US6412389B2 - Retainer for securing a silencer on barrel of handgun - Google Patents

Retainer for securing a silencer on barrel of handgun Download PDF

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Publication number
US6412389B2
US6412389B2 US09/821,874 US82187401A US6412389B2 US 6412389 B2 US6412389 B2 US 6412389B2 US 82187401 A US82187401 A US 82187401A US 6412389 B2 US6412389 B2 US 6412389B2
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United States
Prior art keywords
attachment
counter
bore
retainer
barrel
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Expired - Fee Related
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US09/821,874
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US20010049996A1 (en
Inventor
Norbert Fluhr
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Heckler und Koch GmbH
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Heckler und Koch GmbH
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Filing date
Publication date
Priority to DE19935929A priority Critical patent/DE19935929C1/en
Priority to DEDE19935929 priority
Priority to DE19935929 priority
Priority to WOPCT/EP00/06894 priority
Priority to PCT/EP2000/006894 priority patent/WO2001009560A1/en
Application filed by Heckler und Koch GmbH filed Critical Heckler und Koch GmbH
Assigned to HECKLER & KOCH GMBH reassignment HECKLER & KOCH GMBH ASSIGNMENT OF ASSIGNORS INTEREST (SEE DOCUMENT FOR DETAILS). Assignors: FLUHR, NORBERT
Publication of US20010049996A1 publication Critical patent/US20010049996A1/en
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    • FMECHANICAL ENGINEERING; LIGHTING; HEATING; WEAPONS; BLASTING
    • F41WEAPONS
    • F41AFUNCTIONAL FEATURES OR DETAILS COMMON TO BOTH SMALLARMS AND ORDNANCE, e.g. CANNONS; MOUNTINGS FOR SMALLARMS OR ORDNANCE
    • F41A21/00Barrels; Gun tubes; Muzzle attachments; Barrel mounting means
    • F41A21/32Muzzle attachments or glands
    • F41A21/325Mountings for muzzle attachments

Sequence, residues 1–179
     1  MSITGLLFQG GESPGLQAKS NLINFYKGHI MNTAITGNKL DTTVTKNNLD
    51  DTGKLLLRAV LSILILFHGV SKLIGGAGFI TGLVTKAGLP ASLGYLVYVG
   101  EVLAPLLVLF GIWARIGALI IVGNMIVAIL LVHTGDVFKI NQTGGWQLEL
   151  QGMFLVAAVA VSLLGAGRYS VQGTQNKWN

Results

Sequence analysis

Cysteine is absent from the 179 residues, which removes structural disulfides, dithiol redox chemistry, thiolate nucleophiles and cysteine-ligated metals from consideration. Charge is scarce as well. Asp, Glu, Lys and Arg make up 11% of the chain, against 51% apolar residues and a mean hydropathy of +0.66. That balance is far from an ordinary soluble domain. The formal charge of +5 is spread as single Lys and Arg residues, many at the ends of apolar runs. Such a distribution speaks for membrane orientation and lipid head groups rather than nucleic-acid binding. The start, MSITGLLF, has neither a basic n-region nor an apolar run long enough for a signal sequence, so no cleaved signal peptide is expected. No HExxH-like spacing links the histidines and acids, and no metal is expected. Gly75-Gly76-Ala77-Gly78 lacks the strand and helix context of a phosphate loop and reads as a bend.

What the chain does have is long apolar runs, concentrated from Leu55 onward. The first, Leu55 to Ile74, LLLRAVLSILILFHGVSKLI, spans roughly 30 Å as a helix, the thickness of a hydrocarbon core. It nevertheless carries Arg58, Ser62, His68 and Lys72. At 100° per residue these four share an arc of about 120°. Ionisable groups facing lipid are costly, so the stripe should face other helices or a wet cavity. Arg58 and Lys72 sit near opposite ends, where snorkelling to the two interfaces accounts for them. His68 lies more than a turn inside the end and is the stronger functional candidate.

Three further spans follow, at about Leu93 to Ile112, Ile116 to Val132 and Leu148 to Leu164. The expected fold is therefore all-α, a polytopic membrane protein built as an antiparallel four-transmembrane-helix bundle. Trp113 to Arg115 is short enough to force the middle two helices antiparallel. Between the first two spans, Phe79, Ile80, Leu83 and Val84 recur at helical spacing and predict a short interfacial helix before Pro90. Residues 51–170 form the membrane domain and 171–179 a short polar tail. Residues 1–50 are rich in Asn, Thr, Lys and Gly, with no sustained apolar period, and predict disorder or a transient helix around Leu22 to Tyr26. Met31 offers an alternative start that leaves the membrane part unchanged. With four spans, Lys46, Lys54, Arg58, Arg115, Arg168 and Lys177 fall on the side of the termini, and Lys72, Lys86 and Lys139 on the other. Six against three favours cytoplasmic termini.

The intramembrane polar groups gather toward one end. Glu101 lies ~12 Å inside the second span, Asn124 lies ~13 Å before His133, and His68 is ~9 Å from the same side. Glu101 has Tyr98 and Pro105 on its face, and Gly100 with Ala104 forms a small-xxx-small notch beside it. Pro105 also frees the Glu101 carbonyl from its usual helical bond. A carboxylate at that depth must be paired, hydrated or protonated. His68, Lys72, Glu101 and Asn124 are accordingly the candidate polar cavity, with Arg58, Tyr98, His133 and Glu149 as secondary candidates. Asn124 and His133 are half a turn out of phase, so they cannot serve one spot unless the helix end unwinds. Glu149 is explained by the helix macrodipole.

• FMECHANICAL ENGINEERING; LIGHTING; HEATING; WEAPONS; BLASTING
    • F41WEAPONS
    • F41AFUNCTIONAL FEATURES OR DETAILS COMMON TO BOTH SMALLARMS AND ORDNANCE, e.g. CANNONS; MOUNTINGS FOR SMALLARMS OR ORDNANCE
    • F41A21/00Barrels; Gun tubes; Muzzle attachments; Barrel mounting means
    • F41A21/30Silencers
    • FMECHANICAL ENGINEERING; LIGHTING; HEATING; WEAPONS; BLASTING
    • F41WEAPONS
    • F41AFUNCTIONAL FEATURES OR DETAILS COMMON TO BOTH SMALLARMS AND ORDNANCE, e.g. CANNONS; MOUNTINGS FOR SMALLARMS OR ORDNANCE
    • F41A21/00Barrels; Gun tubes; Muzzle attachments; Barrel mounting means
    • F41A21/32Muzzle attachments or glands

Abstract

A retainer for securing a silencer to a barrel of a handgun is disclosed. The retainer includes a counter-attachment on the barrel of the handgun for attaching the barrel to the retainer, and also includes a forward part for receiving the silencer. A bore extends through the retainer for receiving the counter-attachment, and the inner profile of the bore and the outer profile of the counter-attachment define at least one gas expansion chamber between the counter attachment and the bore when the counter-attachment is disposed in the bore. A lock on the retainer engages a collar on the counter-attachment, thereby releasably securing the counter-attachment in the bore.

Description

RELATED APPLICATIONS
This application claims priority under 35 U.S.C. §120 from PCT Application Ser. No. PCT/EP00/06894, filed Jul. 19, 2000.
RELATED APPLICATIONS
This application claims priority under 35 U.S.C. §120 from PCT Application Ser. No. PCT/EP00/06894, filed Jul. 19, 2000.
FIELD OF INVENTION
The present invention relates generally to firearms, and particularly, to a retainer for securing a silencer on barrel of handgun. The retainer can be integral with the silencer, or may be affixed to the same. Likewise the retainer can be integral with the gun barrel, or may be affixed to the same.
BACKGROUND
In the following, “forward” (and its derivatives) is to be understood as “in the direction of firing.”